Guide for a Balanced, Healthy Diet

Guide for a Balanced, Healthy Diet

If you have decided to adopt a healthy diet from now on, but every time you go to the market or shops, you buy the same things, it is necessary to organize yourself and understand what a healthy diet means. Choosing healthy ingredients can seem difficult considering the many products on store shelves, especially if you only consider the prices. But not only these make the difference. You might save on shopping, but not on your health. We propose a foray into the world of healthy ingredients, and let’s make a healthy shopping list together.

Greater consumption of health-promoting foods and limited intake of less healthy options are intrinsic to the eating habits of specific diets that have been proven to save our health, such as the age-old Mediterranean diet.

Others were built as part of dietary patterns designed to reduce disease risk, such as the Diet to Stop High Blood Pressure (DASH) or the Diet to Prevent Neurodegenerative Diseases (MIND). Compared to a regular diet, these healthier alternatives are higher in plant-based foods, fresh fruits and vegetables, mushrooms, fermented and low-fat dairy, whole grains, legumes, seeds and nuts and lower in animal foods, especially fatty and processed meats such as sausages.

Here are the things to remember for healthy shopping, including choosing nutritious foods, creating an intelligent grocery list, and stocking up so you can buy less and less often.

Creating a healthy shopping list

A shopping list is an essential tool for many shoppers. It can help you organize and remind you of the products you need. Plus, studies show that grocery lists can help you make healthier choices.

But what does a “healthy” shopping list include?

Generally, a healthy and complete diet should consist of whole, nutrient-dense foods. We’re talking about foods like vegetables, fruits, protein sources like fish and eggs, beans, nuts and seeds. These are foods you need to prioritize.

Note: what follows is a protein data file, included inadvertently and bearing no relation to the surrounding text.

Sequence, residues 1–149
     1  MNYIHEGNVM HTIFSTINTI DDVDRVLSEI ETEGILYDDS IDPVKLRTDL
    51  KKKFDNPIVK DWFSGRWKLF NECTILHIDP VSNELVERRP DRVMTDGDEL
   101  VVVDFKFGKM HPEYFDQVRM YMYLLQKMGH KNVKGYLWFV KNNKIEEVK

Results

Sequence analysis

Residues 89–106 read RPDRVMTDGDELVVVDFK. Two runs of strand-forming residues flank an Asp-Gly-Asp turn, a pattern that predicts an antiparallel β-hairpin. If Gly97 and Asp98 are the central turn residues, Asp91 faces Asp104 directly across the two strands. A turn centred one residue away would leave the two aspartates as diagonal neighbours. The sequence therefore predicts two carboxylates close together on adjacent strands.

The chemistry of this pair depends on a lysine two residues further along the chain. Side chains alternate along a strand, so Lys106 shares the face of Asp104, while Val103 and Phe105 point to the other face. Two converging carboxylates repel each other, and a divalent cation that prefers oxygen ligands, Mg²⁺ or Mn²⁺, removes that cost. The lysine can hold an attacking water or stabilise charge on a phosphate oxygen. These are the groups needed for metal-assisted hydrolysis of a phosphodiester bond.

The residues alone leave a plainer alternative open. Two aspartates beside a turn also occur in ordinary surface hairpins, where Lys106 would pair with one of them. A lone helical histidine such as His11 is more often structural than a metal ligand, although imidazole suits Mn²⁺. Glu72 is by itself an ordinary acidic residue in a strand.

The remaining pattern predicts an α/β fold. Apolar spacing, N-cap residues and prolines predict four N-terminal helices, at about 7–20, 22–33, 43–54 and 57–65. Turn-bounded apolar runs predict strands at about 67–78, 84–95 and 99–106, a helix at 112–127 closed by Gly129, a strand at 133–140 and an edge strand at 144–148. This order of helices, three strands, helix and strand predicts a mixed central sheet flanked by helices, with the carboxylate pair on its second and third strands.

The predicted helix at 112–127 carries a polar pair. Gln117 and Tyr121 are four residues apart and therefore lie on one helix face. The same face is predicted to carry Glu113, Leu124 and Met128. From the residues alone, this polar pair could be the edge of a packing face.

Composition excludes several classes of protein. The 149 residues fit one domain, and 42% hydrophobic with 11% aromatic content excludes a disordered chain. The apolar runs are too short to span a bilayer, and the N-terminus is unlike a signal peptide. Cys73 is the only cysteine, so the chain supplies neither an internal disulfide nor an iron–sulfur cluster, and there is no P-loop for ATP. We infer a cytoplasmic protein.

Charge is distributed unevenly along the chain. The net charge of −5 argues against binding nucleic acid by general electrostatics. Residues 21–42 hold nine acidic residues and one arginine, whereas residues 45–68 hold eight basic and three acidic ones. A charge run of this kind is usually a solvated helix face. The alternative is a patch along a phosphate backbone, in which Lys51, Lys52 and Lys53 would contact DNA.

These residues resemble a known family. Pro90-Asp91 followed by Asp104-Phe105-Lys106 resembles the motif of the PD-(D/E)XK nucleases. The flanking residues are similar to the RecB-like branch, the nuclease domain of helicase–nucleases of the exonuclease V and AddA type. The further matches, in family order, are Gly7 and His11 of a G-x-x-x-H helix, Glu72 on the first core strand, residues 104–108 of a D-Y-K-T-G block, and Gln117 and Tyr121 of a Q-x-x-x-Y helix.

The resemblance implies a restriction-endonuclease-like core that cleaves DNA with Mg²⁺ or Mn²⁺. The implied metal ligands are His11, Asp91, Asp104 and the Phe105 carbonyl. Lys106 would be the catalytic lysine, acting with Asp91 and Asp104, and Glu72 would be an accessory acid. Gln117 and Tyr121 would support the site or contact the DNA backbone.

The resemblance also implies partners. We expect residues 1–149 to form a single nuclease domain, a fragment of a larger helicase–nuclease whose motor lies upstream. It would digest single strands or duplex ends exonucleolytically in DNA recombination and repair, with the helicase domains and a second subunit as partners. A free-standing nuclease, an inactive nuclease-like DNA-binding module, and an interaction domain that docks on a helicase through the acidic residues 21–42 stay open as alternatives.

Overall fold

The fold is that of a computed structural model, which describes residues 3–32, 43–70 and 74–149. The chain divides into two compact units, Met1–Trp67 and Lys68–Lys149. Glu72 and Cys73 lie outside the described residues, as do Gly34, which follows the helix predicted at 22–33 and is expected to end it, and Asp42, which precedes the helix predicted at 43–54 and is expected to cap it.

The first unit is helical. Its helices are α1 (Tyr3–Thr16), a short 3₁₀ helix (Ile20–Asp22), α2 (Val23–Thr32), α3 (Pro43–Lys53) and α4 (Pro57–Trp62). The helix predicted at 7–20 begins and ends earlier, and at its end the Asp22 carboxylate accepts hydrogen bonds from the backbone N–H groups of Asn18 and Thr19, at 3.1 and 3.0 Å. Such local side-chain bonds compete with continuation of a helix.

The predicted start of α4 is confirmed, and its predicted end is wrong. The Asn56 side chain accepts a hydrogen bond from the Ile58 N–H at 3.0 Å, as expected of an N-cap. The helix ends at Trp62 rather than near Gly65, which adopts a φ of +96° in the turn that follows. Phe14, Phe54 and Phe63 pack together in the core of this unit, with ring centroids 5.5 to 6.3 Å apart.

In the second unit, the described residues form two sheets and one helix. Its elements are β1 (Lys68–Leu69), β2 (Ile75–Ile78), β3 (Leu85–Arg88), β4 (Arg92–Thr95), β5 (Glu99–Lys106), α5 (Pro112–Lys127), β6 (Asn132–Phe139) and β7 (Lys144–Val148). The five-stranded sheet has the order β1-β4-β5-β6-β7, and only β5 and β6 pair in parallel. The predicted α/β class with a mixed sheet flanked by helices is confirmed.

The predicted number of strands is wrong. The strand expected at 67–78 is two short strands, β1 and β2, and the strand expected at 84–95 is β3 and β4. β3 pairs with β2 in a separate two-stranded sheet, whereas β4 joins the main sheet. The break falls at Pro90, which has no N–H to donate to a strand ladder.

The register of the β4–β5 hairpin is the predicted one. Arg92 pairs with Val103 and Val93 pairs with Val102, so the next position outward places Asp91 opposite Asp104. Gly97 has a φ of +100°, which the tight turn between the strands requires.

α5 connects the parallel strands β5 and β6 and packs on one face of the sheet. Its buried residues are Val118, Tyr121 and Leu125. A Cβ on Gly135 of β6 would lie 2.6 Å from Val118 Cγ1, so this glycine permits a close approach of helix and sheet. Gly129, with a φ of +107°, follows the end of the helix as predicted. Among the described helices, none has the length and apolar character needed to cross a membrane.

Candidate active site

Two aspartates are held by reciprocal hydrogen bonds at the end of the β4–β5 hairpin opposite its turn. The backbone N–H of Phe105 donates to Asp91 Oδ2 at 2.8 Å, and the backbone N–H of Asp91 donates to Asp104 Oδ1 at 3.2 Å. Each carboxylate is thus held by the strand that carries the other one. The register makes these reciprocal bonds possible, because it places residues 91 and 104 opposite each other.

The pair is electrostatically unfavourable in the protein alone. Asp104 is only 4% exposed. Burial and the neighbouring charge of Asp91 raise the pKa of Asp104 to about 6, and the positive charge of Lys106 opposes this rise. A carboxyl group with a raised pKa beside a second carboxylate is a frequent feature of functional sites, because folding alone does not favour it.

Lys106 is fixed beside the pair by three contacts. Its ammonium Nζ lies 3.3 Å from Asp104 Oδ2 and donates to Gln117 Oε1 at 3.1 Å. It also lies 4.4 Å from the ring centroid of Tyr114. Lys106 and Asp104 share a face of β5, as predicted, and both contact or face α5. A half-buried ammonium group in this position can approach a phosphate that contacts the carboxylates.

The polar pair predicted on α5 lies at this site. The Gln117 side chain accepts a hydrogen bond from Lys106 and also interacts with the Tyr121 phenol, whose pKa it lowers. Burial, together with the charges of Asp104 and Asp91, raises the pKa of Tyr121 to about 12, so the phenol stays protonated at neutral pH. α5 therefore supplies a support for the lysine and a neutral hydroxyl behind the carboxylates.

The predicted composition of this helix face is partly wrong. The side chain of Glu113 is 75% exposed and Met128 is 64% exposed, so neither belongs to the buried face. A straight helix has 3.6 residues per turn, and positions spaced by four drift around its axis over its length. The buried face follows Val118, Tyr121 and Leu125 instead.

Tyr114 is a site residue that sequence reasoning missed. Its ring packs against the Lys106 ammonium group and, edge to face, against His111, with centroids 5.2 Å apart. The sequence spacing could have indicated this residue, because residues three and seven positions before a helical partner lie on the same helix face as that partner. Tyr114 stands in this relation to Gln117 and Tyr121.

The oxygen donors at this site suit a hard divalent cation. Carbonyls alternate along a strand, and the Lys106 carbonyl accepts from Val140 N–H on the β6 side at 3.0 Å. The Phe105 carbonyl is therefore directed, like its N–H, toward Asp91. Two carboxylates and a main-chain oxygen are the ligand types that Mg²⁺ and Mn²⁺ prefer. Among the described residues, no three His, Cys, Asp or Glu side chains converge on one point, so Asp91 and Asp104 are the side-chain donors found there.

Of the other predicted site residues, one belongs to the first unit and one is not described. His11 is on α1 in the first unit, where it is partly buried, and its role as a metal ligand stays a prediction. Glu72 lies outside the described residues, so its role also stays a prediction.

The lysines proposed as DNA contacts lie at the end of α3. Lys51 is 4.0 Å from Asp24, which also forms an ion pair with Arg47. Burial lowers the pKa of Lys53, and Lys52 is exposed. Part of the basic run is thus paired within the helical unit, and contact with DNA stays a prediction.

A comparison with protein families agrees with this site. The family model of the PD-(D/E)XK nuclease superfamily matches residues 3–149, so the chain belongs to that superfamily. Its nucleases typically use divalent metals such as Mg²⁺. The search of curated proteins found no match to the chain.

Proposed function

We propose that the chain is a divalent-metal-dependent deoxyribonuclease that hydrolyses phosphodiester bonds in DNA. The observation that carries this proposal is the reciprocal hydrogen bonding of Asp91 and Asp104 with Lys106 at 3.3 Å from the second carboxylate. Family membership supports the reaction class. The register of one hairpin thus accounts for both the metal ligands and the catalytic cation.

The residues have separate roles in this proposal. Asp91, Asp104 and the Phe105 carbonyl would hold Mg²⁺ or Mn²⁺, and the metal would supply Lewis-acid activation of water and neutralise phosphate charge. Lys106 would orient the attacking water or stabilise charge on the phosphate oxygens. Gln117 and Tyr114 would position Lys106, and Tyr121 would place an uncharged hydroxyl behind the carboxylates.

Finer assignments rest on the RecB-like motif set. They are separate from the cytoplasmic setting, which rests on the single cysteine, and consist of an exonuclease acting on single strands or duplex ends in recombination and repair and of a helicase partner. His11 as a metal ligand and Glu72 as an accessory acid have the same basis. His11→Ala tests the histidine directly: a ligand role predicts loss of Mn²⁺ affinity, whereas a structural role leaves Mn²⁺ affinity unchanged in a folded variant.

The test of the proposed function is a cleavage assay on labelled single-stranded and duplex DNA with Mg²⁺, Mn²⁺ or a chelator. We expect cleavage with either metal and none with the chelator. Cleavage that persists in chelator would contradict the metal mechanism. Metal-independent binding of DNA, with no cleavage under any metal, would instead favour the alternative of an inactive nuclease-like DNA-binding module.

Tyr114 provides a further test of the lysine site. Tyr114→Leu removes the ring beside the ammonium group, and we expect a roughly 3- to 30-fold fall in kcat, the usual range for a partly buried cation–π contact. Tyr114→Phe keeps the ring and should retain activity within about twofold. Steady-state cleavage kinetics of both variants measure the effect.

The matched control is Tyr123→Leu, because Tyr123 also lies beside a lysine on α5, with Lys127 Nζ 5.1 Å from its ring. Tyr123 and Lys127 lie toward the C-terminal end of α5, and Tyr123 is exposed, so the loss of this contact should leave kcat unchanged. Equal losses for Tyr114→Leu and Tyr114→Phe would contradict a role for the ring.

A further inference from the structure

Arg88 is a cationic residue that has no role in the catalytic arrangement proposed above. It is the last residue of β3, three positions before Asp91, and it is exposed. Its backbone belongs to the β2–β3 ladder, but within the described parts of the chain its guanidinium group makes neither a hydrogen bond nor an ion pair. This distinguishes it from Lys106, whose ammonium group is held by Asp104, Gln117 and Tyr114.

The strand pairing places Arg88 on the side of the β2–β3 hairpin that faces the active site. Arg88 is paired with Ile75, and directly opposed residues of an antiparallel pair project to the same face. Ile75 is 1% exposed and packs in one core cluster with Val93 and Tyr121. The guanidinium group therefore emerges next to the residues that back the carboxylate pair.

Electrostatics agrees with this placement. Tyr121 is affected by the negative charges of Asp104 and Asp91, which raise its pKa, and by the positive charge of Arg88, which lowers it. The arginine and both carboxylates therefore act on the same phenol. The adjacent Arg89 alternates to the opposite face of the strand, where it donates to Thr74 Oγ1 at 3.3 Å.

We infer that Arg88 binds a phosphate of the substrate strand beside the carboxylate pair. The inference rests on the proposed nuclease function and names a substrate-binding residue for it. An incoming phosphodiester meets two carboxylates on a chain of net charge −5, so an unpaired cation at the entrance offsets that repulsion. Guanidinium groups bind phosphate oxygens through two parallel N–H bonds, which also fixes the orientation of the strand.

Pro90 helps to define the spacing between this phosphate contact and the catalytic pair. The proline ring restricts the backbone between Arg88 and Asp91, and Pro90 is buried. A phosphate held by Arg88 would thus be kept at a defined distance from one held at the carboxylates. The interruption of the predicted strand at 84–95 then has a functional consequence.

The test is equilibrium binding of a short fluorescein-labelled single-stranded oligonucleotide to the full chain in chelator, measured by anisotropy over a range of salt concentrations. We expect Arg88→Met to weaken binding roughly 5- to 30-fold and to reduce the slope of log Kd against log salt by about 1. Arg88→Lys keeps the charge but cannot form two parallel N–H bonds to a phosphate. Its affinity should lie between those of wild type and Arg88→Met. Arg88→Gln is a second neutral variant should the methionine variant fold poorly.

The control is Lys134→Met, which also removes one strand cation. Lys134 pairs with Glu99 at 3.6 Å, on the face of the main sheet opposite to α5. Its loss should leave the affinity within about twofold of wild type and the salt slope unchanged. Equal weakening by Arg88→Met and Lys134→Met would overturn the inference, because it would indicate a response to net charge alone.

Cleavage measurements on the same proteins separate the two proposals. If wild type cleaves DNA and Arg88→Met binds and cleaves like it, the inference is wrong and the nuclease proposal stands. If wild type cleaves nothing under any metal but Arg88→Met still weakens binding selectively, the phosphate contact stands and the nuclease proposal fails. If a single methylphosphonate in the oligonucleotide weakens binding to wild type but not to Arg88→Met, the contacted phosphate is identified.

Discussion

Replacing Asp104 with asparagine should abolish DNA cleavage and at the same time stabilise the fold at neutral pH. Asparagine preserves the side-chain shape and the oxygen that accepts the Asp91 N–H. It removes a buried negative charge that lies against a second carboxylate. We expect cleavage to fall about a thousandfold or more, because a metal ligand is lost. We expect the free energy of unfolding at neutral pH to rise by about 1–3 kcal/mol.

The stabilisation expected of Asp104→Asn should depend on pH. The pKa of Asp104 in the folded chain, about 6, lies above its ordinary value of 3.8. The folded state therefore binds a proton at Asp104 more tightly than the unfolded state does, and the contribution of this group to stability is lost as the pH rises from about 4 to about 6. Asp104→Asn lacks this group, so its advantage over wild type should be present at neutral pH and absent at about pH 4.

It divides the list into starchy and non-starchy vegetables, fruits, beans and grains, nuts and seeds, protein, frozen foods, dairy and substitutes, beverages, spices and sundries.

Here’s an example of what a healthy food list might include:

Fruits: apples, blueberries, clementines, grapefruit and avocados

Non-starchy vegetables: broccoli, asparagus, onions, spinach, peppers and zucchini

Starchy vegetables: sweet potatoes, red potatoes and squash

Beans and grains: chickpeas, brown rice, black beans and quinoa

Protein: eggs, salmon, chicken breast and protein powder

Frozen foods: frozen berry mixes and frozen vegetables

Nuts and seeds: Almonds, pumpkin seeds and peanut butter

Dairy and substitutes: cashew milk, coconut milk, feta cheese, and full-fat Greek yoghurt

Condiments: olives, sun-dried tomatoes, salad dressing, olive oil, pesto

Drinks: unsweetened coconut water and mineral water

Miscellaneous: malai, ground coffee, dried fruit, dark chocolate, banana chips and coconut.

Planning a weekly menu

You can take a weekly menu to the store instead of a regular shopping list. This menu can list the ingredients you need to prepare the meals you want to cook in the coming week.

Remember that if you’re used to eating out or ordering out for most meals, trying to prepare all your meals and snacks at home suddenly may be unrealistic. So, if you’re new to meal prep, start slow and make it a goal to prepare just a few meals the first week.

Once this becomes a habit, you can add more meals to your weekly cooking menu. Like all healthy habits, it may take some time before regular shopping and preparing healthy meals at home become part of your routine.

How to stock your kitchen like a pro

If you prefer to avoid frequent trips to the grocery store, stocking your kitchen with non-perishable and frozen foods is key. This can help you prepare nutritious meals and snacks even when you run out of fresh food.